US Federal Reserve’s latest minutes provided little direction as its signals on interest rates and inflation were mixed
Thungela, Exxaro and Seriti are all committed to the dark rock despite the turn to renewables
Deputy president says local govenrment must collect from consumers or face consequences
The party’s internal leadership contest in December is expected to gain momentum once the the nomination process kicks off
The airline is struggling to repatriate funds after Nigeria restricted access to foreign currency
The rand will continue to lose value if we don't adopt policies that create a superior emerging market with a far lower risk premium
Food Safety Agency tells retailers and food producers it will seize vegan products with names that it says are for meat
Unexpected resignation of the central bank governor has fuelled speculation about how the country will deal with mounting pressure on the Egyptian pound
SA rugby fans took a while to warm to competition
‘It is worrying that some other conditions, such as dementia and seizures, continue to be more frequently diagnosed after Covid-19, even two years later’
Istanbul/London — Russia on Tuesday accused the US of direct involvement in the Ukraine war after its forces consulted with Washington before using US-supplied long-range Himar rocket-launch systems.
Russia said it was responding to comments by Vadym Skibitsky, Ukraine’s deputy head of military intelligence, about the way Kyiv used the Himars. Skibitsky told Britain’s Telegraph newspaper there was consultation between US and Ukrainian intelligence officials before strikes and that Washington had an effective veto on intended targets, though he said US officials were not providing direct targeting information.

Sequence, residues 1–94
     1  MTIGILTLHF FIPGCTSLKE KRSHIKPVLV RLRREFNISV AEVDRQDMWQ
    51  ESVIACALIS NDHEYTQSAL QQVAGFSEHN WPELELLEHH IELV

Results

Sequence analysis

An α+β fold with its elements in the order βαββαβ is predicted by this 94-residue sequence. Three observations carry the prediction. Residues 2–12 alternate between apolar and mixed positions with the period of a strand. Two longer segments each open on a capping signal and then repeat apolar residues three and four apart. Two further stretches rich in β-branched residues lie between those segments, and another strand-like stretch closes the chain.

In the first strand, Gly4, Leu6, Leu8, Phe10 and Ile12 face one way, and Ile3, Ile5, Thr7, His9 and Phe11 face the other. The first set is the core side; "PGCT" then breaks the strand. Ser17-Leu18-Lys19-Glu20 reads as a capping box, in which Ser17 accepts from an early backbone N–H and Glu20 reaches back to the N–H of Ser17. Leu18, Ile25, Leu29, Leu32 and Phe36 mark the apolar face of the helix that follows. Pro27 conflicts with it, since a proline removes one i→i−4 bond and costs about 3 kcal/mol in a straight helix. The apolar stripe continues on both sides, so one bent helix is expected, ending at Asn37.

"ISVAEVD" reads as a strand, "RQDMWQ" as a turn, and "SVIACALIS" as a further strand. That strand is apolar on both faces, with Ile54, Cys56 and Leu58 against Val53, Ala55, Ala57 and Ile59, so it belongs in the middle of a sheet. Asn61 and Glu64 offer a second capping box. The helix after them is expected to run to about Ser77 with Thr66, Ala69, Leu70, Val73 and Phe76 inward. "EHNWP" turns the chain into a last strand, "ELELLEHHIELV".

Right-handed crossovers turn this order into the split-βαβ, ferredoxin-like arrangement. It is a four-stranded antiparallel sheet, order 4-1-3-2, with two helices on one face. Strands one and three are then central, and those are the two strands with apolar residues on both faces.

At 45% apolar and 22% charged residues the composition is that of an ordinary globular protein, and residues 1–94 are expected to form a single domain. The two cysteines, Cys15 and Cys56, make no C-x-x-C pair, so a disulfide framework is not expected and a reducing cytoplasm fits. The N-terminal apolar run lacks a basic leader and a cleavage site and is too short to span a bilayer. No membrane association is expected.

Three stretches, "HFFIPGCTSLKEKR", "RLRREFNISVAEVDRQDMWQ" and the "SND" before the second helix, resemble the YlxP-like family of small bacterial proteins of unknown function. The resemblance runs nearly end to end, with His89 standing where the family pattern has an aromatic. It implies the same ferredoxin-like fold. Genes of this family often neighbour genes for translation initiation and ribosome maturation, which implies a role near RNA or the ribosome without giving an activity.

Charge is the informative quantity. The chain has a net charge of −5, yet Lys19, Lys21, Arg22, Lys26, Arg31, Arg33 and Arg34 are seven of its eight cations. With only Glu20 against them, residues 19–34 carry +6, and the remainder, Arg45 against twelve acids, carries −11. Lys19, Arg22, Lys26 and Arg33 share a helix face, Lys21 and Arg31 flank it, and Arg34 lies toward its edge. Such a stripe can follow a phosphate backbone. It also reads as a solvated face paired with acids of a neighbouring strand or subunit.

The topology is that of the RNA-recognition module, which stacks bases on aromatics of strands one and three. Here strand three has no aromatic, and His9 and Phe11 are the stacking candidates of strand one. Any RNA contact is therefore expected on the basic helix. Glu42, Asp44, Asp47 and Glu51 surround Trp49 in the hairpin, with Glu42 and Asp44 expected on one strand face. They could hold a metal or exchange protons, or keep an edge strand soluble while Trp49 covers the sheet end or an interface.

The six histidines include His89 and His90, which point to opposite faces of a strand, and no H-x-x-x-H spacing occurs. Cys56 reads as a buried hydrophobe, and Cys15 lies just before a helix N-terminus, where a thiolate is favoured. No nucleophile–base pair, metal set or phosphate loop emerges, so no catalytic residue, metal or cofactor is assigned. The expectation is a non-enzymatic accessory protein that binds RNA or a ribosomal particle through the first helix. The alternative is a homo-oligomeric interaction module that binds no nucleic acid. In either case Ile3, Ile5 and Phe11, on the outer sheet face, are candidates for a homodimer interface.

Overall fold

Russia’s defence ministry, headed by a close ally of President Vladimir Putin, said the interview showed that Washington was entangled in the conflict despite repeated assertions that it was limiting its role to arms supplies because it did not want a direct confrontation with Moscow.
“All this undeniably proves that Washington, contrary to White House and Pentagon claims, is directly involved in the conflict in Ukraine,” the Russian defence ministry said in a statement.
“It is the Biden administration that is directly responsible for all Kyiv-approved rocket attacks on residential areas and civilian infrastructure in populated areas of Donbas and other regions, which have resulted in mass deaths of civilians.”
There was no immediate reaction to the ministry’s allegations from the White House or Pentagon.
Ukraine and the West accuse Russia of carrying out devastating missile attacks on civilian targets on an almost daily basis. Both sides deny deliberately targeting civilians.
Deliveries of sophisticated long-range weapons systems from Western nations to Ukraine are seen as vital if Kyiv’s forces are to turn the tide of the war, in which Russia relies heavily on long-distance bombardments of urban areas.
Russia’s verbal attack on Washington came after Turkey said that the first ship carrying Ukrainian grain since Russia’s invasion blocked exports more than five months ago had arrived safely in Istanbul on Tuesday night.
The vessel is the Sierra Leone-flagged Razoni, the Turkish Defence Ministry said.